Crucially, after 22 years of living in exile in the United States, I returned to The Gambia last Spring following the fall of Jammeh’s regime primarily to collect materials that were hitherto beyond my reach for my doctoral thesis only to realise that there were some Yaya Jammehs among Gambian academics. Out of nauseous nostalgia, I had returned to 1A Hagan Street where the slain journalist, Deyda Hydara and Pap Saine operated The Point newspaper and where for years before my Western odyssey I had worked with the duo. No sooner had my interlocutor parked the car next to the old newspaper office, than I noticed an old acquaintance who now teaches at the Gambian University. Out of joy, I simply called him by his last name but I’ll  live to regret it. My old friend angrily reacted and threatened to sue me if I dare call him by his last name without the title ‘Dr.’ Initially, I took it to be a joke between old pals who for two decades were separated by a tyrannical regime only to realise that I was living in a parallel universe from the Gambian dispensation. In the end, my interlocutor literally forced me to apologise and call the dude by his preferred academic credentials if that would give him some “15 minutes of glory” as my colleague Mathew Jallow likes to say.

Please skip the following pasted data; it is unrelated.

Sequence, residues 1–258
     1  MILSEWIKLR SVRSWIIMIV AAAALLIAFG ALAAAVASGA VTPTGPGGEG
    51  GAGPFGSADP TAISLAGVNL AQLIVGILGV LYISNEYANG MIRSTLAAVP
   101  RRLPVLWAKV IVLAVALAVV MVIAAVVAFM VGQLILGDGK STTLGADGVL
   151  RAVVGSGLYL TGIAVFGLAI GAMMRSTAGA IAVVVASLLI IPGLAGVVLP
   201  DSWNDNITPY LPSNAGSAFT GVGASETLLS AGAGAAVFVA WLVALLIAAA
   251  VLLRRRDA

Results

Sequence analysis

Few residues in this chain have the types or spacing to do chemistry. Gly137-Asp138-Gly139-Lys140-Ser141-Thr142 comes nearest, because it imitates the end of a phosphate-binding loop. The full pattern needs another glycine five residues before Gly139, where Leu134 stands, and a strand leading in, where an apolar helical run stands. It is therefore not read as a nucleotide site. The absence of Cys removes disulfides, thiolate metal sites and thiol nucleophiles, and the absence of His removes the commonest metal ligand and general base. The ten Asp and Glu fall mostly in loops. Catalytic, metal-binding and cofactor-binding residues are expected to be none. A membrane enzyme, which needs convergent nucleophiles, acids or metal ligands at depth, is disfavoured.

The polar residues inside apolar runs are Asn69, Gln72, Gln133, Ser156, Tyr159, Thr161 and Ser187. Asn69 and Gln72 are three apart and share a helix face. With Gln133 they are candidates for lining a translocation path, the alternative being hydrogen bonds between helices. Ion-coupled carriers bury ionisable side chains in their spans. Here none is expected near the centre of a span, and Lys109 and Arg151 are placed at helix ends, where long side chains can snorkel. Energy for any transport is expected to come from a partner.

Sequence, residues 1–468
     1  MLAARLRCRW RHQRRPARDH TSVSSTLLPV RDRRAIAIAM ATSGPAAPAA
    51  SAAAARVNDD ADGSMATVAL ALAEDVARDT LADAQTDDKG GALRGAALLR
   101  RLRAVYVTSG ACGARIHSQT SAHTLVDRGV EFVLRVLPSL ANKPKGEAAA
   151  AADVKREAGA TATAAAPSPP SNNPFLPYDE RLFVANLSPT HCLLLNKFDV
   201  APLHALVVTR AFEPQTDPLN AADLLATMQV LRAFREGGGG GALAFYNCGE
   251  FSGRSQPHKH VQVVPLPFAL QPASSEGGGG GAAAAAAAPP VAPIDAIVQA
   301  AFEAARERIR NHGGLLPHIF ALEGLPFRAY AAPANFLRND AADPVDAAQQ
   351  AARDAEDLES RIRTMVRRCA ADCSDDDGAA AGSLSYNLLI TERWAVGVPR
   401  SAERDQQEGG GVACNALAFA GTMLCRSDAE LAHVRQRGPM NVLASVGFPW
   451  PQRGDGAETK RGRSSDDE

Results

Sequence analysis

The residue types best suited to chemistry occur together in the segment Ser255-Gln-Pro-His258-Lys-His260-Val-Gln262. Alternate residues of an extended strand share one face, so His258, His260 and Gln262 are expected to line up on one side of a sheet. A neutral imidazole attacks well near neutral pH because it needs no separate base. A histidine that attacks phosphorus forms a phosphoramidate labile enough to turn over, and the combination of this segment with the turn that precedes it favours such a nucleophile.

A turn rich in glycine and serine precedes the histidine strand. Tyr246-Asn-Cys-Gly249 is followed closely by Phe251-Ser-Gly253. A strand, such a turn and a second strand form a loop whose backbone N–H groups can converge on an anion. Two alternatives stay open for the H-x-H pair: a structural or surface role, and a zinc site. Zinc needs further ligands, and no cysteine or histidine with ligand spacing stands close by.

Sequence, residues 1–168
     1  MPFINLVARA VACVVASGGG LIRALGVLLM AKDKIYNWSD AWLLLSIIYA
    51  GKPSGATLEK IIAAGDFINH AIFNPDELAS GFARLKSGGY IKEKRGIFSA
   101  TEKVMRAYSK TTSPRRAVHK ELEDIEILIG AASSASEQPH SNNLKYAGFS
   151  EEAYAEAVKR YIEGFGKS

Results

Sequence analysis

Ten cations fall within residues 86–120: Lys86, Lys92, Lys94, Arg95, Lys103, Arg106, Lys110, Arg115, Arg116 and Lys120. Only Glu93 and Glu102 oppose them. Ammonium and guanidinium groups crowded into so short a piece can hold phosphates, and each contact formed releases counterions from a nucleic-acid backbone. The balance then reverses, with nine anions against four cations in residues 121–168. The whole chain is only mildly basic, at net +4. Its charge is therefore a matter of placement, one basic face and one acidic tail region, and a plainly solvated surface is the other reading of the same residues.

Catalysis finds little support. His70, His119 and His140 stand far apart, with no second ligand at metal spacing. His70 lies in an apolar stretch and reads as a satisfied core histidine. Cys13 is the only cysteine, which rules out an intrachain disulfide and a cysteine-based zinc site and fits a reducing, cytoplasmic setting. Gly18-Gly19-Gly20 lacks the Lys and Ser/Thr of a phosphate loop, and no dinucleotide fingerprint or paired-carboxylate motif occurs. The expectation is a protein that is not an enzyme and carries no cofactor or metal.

This then sums up a Gambian predicament where hollow titles and ceremonial adorations reign supreme; where university officials compromise their integrity only for fame and access to the corridors of political power paying little or no attention whatsoever to the ramifications of their actions and decisions.